Clipboard History with Alfred

Note: this is your last chance to win a free Alfred Powerpack!

If you want to enter, you should own a Mac, since you’ll need one to actually use Alfred!

To enter, do one of the following:

  • follow me at @harpaa01
  • Subscribe to icanthascheezburger via email
  • Subscribe via RSS at the link above and leave a comment with your email address (I won’t publish the comment)

If you also mention one of these posts on Twitter or Mastodon or Micro.blog (and mention me so I can see it) you’ll double your chances.

Winners will be randomly selected on Wednesday. I don’t want to reveal too many numbers here, but let’s just say you’d have really good chances of winning if you entered.

homer simpson saying he likes those odds


Copying and pasting is a nice little productivity boost that you get when using a computer, but the fact that you can only ever have one thing in the pasteboard at a time is kind of limiting.

With Alfred, you don’t have to feel limited in this way: enter Clipboard History.

alfred clipboard history

This is the kind of feature where you first hear about it and your reaction is an unenthusiastic “hmm, neat.”

But I promise: once Alfred is keeping your clipboard history and you actually get used to it being there, it’s liberating.

It’s easy, just invoke Alfred, type in the keyword to get to the clipboard viewer (mine is c) and hit Enter, and you’ll be greeted with recent Clipboard items.

“What was that URL I had a few minutes ago? Oh, no worries, I’ll just grab it quick.”

Ever feel a little bit hesitant to delete some text from your document? Just ⌘X and you can cut it with confidence that it’s right there if you change your mind, even if you copy some other text to the clipboard later.

Got a list of different things you are going to copy from one file to another? Don’t keep cmd-tabbing back and forth; just copy them all in sequence, then use Alfred to get the one you need, right when you need it.

The clipboard history is searchable, so even if you don’t 100% remember when you copied something, or even if you don’t quite remember exactly what the text was, you can quickly find it.

If you copy images to the clipboard, Alfred handles that too!

By default, Alfred won’t keep sensitive items in the clipboard history, like things copied from your password manager or the Keychain.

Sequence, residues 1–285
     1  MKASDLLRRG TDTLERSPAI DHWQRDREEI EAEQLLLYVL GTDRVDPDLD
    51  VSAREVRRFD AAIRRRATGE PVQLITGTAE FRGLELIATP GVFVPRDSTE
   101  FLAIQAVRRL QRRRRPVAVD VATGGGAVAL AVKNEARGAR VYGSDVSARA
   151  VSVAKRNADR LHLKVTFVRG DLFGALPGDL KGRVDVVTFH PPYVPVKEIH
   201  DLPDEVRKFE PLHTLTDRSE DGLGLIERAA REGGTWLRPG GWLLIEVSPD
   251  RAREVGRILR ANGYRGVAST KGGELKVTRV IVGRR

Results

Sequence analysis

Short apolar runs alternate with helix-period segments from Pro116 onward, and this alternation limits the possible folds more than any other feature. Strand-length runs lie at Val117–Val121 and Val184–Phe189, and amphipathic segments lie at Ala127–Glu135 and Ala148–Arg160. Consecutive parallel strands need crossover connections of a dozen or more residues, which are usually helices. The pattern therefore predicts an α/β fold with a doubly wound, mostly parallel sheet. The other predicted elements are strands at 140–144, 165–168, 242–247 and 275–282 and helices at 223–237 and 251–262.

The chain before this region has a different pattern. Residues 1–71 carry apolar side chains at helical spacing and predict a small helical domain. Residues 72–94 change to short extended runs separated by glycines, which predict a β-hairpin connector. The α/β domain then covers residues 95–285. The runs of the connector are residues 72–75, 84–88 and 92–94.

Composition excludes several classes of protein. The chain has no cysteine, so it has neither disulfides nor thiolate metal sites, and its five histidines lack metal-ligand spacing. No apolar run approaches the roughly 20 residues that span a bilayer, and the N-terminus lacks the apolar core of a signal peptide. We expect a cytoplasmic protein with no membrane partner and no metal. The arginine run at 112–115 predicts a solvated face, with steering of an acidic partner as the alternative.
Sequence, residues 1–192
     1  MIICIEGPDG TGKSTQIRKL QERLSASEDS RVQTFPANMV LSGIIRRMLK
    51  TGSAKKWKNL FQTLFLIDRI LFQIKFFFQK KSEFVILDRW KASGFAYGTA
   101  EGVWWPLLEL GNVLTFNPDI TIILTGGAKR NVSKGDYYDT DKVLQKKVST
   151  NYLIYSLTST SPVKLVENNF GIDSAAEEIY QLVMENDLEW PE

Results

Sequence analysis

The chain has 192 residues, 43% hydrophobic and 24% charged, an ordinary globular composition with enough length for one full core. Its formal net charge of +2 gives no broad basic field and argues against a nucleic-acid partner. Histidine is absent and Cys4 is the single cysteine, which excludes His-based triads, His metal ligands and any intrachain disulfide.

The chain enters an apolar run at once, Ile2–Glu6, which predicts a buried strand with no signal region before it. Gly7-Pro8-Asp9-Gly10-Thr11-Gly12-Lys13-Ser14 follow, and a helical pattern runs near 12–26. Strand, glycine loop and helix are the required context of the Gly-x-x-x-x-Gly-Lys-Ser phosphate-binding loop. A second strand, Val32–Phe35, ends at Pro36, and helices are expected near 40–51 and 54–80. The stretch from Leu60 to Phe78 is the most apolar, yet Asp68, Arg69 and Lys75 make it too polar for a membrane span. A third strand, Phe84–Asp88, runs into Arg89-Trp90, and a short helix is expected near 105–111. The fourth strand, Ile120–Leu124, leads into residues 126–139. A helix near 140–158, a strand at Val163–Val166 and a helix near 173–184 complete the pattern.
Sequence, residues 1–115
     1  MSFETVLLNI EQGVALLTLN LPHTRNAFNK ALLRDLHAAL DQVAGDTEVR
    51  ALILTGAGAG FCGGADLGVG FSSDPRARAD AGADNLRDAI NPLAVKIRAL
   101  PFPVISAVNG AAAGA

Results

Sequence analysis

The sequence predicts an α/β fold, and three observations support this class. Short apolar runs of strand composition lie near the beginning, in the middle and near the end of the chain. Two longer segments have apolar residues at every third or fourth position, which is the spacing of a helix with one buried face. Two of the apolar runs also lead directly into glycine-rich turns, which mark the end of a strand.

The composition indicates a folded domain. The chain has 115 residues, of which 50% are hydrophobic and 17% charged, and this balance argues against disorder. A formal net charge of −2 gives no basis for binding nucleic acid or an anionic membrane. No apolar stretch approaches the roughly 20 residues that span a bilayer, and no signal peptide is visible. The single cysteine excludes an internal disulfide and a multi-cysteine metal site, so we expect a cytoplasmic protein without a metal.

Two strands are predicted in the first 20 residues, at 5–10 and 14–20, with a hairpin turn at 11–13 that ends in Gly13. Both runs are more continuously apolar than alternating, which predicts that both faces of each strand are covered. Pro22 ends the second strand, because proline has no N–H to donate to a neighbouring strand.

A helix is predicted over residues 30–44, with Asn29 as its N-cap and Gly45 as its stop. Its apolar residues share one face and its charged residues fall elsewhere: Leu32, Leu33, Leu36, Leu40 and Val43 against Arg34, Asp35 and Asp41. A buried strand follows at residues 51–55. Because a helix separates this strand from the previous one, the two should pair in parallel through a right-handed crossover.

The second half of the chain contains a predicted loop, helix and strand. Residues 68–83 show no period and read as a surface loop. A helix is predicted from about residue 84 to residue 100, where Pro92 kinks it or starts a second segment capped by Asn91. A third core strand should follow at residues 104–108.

But wait, there’s more!

Keeping recent clipboard items is great, but what if you just have some snippets of text that you frequently want to include in documents?

Alfred’s got you.

Enter snippets!

alfred snippets

You can give snippets of text a name, and then when you’re searching the clipboard history, you can search for the snippet of text by name.

And if you want to use Alfred as a basic version of TextExpander, you can also add the ability to automatically expand snippets when you enter the keyword.

These snippets are highly useful, and you can import them from the web. I’ve imported a collection of emoji by name, for instance.

You should use Alfred!

This is my final post in this Alfred series. I’ve shown you how to do a variety of things with Alfred, and it’s still hard for me to describe exactly what Alfred is for, because Alfred can be used for anything you really can imagine setting it up to do.

But at the end of the day, Alfred buys you back some time in your day, a few seconds at a time. Sometimes when you use it, it buys you back a few minutes. But it helps you do things without effort and without thought.

And when you’re in “the zone” and Alfred can keep you in the zone by making it possible for you to do something like type in the glyph for ⌘ without having to dig into the character viewer, Alfred just gave you back more than just that couple seconds.

I don’t spend tons of time using Alfred (and you shouldn’t!), but I invoke it many times a day:

CleanShot 2020 08 31 at 18 39 51 2x

And if Alfred kept track of my usage across every device I’ve used it on, it would no doubt tell me that I’ve used Alfred at least fifty thousand times since I first installed it 10 years ago, almost to the day.

Thanks, Alfred!

Keyboard Projects: Iris

Over the past year I’ve developed a periodic habit of going on keeb.io and just ordering up a kit for a keyboard just to try it out. Like with most mechanical keyboard supply shops, you have to keep a close eye on when things are in stock, but they have some fun and relatively simple keyboard kits.

I recently embarked on trying to find an answer to the question “what if I had a keyboard that was like the Planck, but had just a couple more keys on it?”

There are a couple Planck-like keyboard projects out there that kind of fit the bill of what I was looking for, but I noticed the Iris kit on keeb.io and decided to give that a shot.

It’s a split ergonomic type keyboard with an ortholinear layout. Each half has 28 keys; a 6×4 grid, plus space for 3–4 thumb keys on the corners of each half.

Now, its default layout is set up not quite like a Planck; it’s actually using the top row as number keys, like this:

Iris keyboard layout (default)